SAG is currently in a bind with a lot of commercials. The way the issue has been described to me is that large companies who can afford SAG actors tried out the non-union talent pool, and didn't find a huge difference in talent (keep in mind this is for commercials, which is generally a lot of smiling and holding products at the right angle). So they figured, to save some money, why not go with non-union actors for commercials and pay them a couple thousand dollars for the shoot and to buy out their footage instead of paying SAG actors tens of thousands of dollars in residuals over the life of the ad? Makes sense from a fiscal standpoint, but a lot of SAG actors rely on commercials to get by since they're so lucrative. SAG is trying to remedy this now by bringing a lot of commercials back under their purview, but it's a legal battle and could be drawn out for years.
All of this is background to say - I'm a good fit for commercial acting right now. I'm not in the union and me and my agency can rack up the dollars by submitting for non-union commercials. If they were to submit me for a TV show, yeah it would be cool that my family and friends could see me have a line on The Goldbergs or something, but I would be pushed into joining the union and not having access to these commercials. So sit tight friends - this is a long-haul thing, and unless someone discovers me on the street in Hollywood and gives me a starring role in their passion project, you'll probably see me on local TV ads for the time being.
Ok, thorough explanation achieved. Now on to more fun stuff!
I've been doing the Hollywood thing.
I was lucky enough to go to my first Hollywood premiere! A friend scored an invite to an event that Australians in Film put on, which was the premiere of Dance Academy: The Comeback. Being your typical ignorant American, I had no idea that this was an immensely popular show in Australia about a young girl from the country who moves to Sydney to achieve her dream of becoming a ballerina in the National Ballet Company. I was able to piece together the history of the show from the plot of the movie, and it was exciting to meet the cast, director, and a couple of producers afterward. Everyone was super nice, and it was great to meet all sorts of people from different walks of life (albeit mostly Australian walks of life) and even got to hand my card out to a few people.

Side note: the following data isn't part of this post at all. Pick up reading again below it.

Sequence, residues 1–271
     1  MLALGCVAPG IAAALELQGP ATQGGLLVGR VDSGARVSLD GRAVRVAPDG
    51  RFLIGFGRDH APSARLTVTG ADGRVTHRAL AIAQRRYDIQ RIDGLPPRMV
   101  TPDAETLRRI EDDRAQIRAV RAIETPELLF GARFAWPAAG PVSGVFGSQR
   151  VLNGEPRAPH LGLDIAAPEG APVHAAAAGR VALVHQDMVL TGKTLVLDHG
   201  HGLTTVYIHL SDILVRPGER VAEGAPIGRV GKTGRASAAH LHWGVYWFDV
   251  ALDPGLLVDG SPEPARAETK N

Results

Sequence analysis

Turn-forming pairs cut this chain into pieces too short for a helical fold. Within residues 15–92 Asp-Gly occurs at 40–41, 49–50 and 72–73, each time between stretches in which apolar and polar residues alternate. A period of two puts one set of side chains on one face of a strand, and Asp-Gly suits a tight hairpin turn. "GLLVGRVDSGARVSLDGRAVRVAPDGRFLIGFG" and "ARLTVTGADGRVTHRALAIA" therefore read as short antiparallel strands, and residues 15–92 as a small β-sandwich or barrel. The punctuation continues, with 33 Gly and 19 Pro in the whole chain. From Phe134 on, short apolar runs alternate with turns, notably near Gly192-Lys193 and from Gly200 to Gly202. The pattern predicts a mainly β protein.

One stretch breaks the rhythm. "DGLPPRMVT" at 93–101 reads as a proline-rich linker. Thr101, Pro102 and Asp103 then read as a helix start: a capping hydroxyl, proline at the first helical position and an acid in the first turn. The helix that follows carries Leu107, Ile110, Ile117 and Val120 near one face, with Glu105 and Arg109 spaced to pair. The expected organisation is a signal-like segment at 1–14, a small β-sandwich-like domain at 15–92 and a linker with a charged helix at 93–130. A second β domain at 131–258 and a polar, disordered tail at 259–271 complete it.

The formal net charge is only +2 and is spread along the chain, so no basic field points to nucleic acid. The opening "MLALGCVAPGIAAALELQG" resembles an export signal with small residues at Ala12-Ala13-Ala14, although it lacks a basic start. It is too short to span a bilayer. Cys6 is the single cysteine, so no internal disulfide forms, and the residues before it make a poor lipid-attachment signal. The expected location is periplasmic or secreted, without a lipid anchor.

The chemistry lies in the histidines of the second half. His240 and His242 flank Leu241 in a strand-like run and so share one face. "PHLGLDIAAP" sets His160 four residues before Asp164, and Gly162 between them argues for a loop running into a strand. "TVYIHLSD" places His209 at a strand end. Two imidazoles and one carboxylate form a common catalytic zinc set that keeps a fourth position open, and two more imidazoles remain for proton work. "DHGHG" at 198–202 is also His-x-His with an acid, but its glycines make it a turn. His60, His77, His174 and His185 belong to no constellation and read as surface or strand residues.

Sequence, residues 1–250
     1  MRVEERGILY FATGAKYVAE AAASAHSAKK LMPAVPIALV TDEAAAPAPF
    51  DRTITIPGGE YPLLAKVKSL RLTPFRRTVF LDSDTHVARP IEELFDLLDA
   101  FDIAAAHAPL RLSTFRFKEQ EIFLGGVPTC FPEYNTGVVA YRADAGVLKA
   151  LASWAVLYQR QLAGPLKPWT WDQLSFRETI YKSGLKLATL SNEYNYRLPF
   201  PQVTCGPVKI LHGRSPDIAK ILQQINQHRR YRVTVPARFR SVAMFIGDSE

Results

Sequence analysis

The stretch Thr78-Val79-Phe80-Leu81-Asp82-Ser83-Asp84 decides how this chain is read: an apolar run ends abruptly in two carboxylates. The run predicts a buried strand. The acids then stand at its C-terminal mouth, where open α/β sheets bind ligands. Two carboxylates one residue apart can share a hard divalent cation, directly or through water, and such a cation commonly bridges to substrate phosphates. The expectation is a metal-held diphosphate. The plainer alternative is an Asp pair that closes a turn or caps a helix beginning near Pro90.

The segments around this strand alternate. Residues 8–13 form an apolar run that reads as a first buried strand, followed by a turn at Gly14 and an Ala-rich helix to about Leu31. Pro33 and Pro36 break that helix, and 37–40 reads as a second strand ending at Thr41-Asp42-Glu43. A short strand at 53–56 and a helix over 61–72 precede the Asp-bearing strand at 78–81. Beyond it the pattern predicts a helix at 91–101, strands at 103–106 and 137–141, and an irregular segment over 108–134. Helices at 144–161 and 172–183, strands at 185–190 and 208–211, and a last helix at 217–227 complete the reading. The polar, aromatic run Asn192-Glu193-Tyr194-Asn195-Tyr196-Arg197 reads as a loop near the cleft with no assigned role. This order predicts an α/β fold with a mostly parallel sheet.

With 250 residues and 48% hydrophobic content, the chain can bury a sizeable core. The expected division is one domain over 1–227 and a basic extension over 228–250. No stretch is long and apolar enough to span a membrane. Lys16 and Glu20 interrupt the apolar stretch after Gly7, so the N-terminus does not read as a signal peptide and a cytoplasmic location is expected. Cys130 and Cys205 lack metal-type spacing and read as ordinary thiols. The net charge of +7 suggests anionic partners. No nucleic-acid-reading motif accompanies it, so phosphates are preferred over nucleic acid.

I have a bit of advice and an anecdote (of course, when don't I have an anecdote) when it comes to networking in Hollywood. So much in this industry is predicated on who you know and the type of connection you have with them, and so many people zero straight in on the people who can help them most. To me, this feels slimy. I got into this business because I love creating things and bringing stories to life with passionate people, not to blow smoke up someone's a** because they could put me in a big budget production and I wouldn't have to fret over the cost of bottomless mimosas on Sundays for the next few years. I was able to meet the director of Dance Academy, and I told him that I loved the movie (the caption above isn't a lie; I tried to teach myself breakdancing for at least a year after You Got Served came out). He replied, "you know you and I aren't exactly the target demographic for this movie," but I had picked out a few things about the movie that I really did enjoy - the plot of someone having to shift their dream because it wasn't working out, and finding happiness on a different facet of that dream; and that I really loved some of the cinematography. I told him I thought it was beautifully shot, and that they captured some really cool synergy between the choreography of the dance and the natural beauty of the spaces they shot in. His eyes lit up at this, and he told me about the cinematography and color palette of another movie he had premiered that he was really proud of, and I could tell it was something he was passionate about. We chatted about it for a while, and he even told me to pirate that other movie because it was Australian and tough to get in the states. It's these little things, connecting with people on an artful level, that make me want to make my name here.